Caution key for leaders who put predecessors on the podium

London Business School expert warns leaders to proceed with caution

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Leaders who put their predecessors on the podium should proceed with caution, a London Business School expert says. 

Richard Hytner, Adjunct Professor of Marketing, London Business School and author of Consiglieri: Leading from the Shadows, made the comments in a Huffington Post blog earlier today. 

His comments follow Tony Blair’s return last week as part of Labour’s election campaign strategy, in which Blair made a keynote speech on the danger of a British exit from the EU under a second Conservative term. However, was Ed Miliband smart in inviting the former Prime Minister back to speak? 
Hytner, who is also Deputy Chairman, Saatchi & Saatchi Worldwide, said: “Ed Miliband took one of the more controversial risks of his election campaign last week. The big risk the Labour leader took was the Blair risk, inviting the former PM to take to the podium on his behalf to dispense another well-polished, perfectly pitched and impassioned monologue to the masses.” 

Miliband’s decision to wheel out the much unloved, opinion-dividing former leader may have been questioned by many, especially when some of the polls were hinting that Miliband's boldness in policy choice and clarity of beliefs were just beginning to pay off. Hytner believes it was a carefully planned strategy.  

“Inviting Blair to shine a glimmer of electoral limelight on a single issue - Europe - was carefully judged by David Axelrod and Miliband's campaign team. Blair, they know, is as queasy about visible alignment with Miliband on most issues of substance as Miliband is aware of the electoral hazard of too close an association with Blair.”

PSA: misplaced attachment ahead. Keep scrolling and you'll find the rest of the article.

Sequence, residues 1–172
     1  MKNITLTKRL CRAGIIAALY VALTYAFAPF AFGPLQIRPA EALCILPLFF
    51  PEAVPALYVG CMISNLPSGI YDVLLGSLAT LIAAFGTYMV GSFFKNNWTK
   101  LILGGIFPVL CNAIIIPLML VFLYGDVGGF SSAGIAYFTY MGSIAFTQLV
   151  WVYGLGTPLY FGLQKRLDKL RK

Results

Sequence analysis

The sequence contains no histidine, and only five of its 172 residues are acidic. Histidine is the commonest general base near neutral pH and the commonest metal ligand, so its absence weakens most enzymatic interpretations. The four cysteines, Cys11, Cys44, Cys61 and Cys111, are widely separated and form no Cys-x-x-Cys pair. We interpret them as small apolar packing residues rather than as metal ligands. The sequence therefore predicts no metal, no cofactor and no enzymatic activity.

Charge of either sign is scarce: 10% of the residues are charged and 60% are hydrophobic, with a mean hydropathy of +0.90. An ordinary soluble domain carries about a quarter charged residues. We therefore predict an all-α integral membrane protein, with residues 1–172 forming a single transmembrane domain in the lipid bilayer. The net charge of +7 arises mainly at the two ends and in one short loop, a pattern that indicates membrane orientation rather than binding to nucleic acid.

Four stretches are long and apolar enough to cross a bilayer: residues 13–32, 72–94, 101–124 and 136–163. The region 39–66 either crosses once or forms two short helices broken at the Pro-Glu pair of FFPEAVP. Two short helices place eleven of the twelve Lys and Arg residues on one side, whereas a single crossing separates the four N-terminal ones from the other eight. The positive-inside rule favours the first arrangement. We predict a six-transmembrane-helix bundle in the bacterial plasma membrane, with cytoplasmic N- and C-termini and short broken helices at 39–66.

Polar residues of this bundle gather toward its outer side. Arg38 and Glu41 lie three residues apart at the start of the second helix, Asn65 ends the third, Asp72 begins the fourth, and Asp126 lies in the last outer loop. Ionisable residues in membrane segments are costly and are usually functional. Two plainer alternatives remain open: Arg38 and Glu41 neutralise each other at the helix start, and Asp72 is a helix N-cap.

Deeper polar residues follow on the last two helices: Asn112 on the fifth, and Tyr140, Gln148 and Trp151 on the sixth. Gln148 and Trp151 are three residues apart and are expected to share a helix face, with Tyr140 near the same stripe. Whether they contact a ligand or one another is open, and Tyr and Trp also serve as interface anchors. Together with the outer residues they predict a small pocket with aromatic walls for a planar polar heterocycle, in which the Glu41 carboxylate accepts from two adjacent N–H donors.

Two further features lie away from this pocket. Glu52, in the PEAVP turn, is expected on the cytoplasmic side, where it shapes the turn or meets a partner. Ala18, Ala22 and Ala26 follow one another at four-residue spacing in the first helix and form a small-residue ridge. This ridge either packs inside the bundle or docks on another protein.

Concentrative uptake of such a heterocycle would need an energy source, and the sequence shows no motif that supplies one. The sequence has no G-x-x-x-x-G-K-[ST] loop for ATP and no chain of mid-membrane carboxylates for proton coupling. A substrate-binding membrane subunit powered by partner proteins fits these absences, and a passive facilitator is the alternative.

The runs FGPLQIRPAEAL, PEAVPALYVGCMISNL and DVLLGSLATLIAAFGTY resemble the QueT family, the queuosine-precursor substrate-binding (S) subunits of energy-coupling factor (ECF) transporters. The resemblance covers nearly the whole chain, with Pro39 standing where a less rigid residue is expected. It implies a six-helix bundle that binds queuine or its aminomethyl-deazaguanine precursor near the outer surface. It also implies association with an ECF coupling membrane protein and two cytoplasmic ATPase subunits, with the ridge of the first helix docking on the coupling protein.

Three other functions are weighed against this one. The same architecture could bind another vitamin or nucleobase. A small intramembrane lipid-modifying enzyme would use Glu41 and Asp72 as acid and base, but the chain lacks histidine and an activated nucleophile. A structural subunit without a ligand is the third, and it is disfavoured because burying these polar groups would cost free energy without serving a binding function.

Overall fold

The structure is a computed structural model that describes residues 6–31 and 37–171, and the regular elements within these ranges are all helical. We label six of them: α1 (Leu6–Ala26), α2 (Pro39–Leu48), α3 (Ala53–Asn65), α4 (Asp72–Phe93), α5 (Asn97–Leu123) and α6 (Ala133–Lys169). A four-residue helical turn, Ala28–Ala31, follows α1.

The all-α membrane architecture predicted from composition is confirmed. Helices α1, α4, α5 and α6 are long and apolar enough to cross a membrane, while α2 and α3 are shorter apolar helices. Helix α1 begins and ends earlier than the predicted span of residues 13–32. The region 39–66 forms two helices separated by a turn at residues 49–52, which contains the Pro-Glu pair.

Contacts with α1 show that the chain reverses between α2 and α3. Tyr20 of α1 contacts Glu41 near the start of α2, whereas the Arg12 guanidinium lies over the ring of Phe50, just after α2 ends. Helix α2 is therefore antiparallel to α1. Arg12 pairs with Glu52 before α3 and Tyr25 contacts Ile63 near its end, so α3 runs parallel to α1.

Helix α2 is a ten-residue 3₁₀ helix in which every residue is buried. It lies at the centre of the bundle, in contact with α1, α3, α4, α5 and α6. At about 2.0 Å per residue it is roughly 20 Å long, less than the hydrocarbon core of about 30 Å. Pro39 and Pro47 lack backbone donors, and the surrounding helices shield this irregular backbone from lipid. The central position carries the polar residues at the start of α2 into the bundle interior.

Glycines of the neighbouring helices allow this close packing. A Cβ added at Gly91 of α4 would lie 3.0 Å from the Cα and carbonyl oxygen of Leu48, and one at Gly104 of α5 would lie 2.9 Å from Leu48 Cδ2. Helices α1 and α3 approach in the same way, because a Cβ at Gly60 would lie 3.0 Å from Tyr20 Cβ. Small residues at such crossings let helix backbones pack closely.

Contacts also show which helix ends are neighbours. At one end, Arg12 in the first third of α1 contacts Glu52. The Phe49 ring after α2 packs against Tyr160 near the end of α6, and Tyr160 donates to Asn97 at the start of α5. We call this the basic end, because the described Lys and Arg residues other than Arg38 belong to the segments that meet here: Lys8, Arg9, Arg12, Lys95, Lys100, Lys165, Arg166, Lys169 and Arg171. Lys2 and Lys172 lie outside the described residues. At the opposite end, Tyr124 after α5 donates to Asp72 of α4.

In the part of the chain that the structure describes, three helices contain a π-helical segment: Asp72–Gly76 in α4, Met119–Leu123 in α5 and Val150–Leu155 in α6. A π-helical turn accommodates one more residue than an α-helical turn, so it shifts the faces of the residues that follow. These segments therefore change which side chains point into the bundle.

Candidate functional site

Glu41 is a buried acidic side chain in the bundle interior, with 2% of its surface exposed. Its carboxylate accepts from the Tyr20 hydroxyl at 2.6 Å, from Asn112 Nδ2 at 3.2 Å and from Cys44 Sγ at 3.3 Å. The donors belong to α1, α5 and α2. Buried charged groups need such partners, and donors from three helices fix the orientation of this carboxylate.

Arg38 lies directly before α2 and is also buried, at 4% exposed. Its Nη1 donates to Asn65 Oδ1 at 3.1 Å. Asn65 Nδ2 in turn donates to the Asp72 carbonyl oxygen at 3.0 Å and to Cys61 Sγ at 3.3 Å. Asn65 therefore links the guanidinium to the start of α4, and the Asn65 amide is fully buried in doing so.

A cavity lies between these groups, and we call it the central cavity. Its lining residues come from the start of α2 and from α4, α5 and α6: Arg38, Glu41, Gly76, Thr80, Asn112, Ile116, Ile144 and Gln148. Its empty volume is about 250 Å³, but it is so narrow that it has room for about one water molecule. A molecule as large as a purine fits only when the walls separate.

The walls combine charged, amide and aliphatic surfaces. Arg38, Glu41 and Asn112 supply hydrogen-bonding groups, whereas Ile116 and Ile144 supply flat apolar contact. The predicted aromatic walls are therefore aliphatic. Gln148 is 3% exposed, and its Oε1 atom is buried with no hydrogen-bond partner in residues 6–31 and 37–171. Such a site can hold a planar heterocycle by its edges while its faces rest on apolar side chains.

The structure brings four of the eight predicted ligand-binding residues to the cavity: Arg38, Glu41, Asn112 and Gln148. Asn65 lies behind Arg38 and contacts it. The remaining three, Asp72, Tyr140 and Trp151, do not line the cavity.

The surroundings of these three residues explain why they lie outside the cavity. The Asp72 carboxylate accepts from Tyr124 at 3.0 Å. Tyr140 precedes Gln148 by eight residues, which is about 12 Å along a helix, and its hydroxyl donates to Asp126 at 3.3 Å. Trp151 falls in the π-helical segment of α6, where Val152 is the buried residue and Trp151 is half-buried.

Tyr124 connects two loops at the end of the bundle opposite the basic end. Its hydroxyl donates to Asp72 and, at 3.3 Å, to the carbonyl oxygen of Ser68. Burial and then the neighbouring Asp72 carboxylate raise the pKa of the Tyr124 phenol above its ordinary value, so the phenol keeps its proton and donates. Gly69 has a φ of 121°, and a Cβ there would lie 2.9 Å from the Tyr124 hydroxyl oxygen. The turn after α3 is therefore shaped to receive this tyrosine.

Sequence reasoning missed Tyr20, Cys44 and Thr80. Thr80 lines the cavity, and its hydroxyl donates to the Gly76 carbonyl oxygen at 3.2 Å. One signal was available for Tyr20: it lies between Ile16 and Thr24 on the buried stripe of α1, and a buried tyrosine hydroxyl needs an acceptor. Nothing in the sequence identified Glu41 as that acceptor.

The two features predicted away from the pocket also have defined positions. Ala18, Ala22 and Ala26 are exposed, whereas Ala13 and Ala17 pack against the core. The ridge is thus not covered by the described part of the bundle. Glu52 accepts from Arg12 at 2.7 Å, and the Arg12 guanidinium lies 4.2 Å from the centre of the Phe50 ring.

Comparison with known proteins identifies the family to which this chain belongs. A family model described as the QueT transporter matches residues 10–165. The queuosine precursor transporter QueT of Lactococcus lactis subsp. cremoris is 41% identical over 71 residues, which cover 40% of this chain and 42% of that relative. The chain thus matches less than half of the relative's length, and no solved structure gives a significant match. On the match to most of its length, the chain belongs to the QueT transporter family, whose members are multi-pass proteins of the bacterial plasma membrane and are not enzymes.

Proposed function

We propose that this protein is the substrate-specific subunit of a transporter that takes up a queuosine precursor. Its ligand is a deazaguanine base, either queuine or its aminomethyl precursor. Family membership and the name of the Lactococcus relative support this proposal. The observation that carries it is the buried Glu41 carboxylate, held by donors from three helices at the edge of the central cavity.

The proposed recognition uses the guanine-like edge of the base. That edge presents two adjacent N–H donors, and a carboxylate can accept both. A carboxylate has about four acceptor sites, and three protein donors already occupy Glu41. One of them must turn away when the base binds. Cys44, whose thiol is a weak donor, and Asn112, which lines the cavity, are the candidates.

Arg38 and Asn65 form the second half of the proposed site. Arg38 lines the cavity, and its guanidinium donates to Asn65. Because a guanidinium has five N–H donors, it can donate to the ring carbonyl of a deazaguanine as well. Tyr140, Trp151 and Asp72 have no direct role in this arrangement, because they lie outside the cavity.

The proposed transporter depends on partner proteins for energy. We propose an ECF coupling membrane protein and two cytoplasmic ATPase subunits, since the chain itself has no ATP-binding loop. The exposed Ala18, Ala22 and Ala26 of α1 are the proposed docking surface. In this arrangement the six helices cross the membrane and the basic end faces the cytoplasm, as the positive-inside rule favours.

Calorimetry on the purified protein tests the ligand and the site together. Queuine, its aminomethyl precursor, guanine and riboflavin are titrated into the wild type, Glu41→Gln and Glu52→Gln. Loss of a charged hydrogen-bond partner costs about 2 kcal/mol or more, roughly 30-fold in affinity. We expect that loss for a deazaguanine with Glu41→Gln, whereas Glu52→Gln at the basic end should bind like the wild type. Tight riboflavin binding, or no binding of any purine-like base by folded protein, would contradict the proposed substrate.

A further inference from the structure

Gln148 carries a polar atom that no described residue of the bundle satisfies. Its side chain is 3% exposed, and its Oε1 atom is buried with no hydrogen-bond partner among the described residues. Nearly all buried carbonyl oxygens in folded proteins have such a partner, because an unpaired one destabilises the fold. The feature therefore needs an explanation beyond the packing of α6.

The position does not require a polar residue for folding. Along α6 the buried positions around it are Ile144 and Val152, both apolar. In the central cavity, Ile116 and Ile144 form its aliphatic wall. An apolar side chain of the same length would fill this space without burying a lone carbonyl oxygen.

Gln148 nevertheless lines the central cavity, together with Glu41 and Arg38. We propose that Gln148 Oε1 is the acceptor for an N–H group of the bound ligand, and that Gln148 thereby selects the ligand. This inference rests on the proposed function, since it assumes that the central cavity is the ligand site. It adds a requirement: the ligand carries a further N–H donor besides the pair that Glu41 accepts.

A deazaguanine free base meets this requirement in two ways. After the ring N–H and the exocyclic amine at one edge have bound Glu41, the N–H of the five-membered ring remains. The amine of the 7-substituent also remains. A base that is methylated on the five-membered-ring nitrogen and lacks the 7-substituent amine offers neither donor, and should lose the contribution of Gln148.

Hytner suggests Gordon Brown, who made a similar and successful speech last year at the time of the Scottish referendum, may have provided inspiration for the move by Miliband.  

“In his speech, Blair talked of the near death experience for the UK of the Scottish referendum, when the SNP looked like they might win the day. The avoidance of that death in large part can be attributed to the excellent oratory of another former Labour leader and Blair's own successor, Gordon Brown. Until that brilliant intervention, Brown's leadership reputation was seriously damaged by his failing in the highest office and he had been all but abandoned by his party.” 

Hytner argues that Blair and Brown offer two examples of when it can make sense to bring the leader back in from the cold. 

“In both cases, the interventions were discreet by design, a swift in and out, before too much lingering resentment could resurface of decisions that went awry under their leadership.”

However, the same cannot be applied to every case Hytner warns.

“Hillary Clinton is about to find out, however, whether it always makes sense to draw on the deposits of goodwill felt for former leaders. One of them, President Obama, gave Mrs Clinton's candidacy the thumbs-up yesterday with trademark generosity of spirit. The President described Mrs Clinton as a formidable candidate when she stood against him in 2008, and an outstanding Secretary of State in his first term in office: "I think she would be an excellent president."

“One suspects President Obama knows full well that, his light touch endorsement made, Hillary Clinton, if she is to take his place in the White House, will need to demonstrate clearer blue water between them than she covered in her autobiography "Tough Choices". 

Hytner believes it is the other former President, her husband, who represents the bigger challenge for Mrs Clinton. 

“Is Mr Clinton capable of making a contribution when even a cameo-only appearance is likely to steal the show? It is more Mr Clinton's magnetism than Mrs Clinton's lack of stature (she has plenty) that suggests there should be no more than the merest hint of Bill in Hillary's shadow. To deny the dynastic connection would be foolish, to play it right down is a surer way for Mrs Clinton to win. Voters know who the former First Lady's First Husband will be. Should Jeb Bush win the Republican nomination, he, too, will face the same dynastic draw-down dilemma. If you were managing Jeb Bush's campaign, just how much visibility would you give his dad?”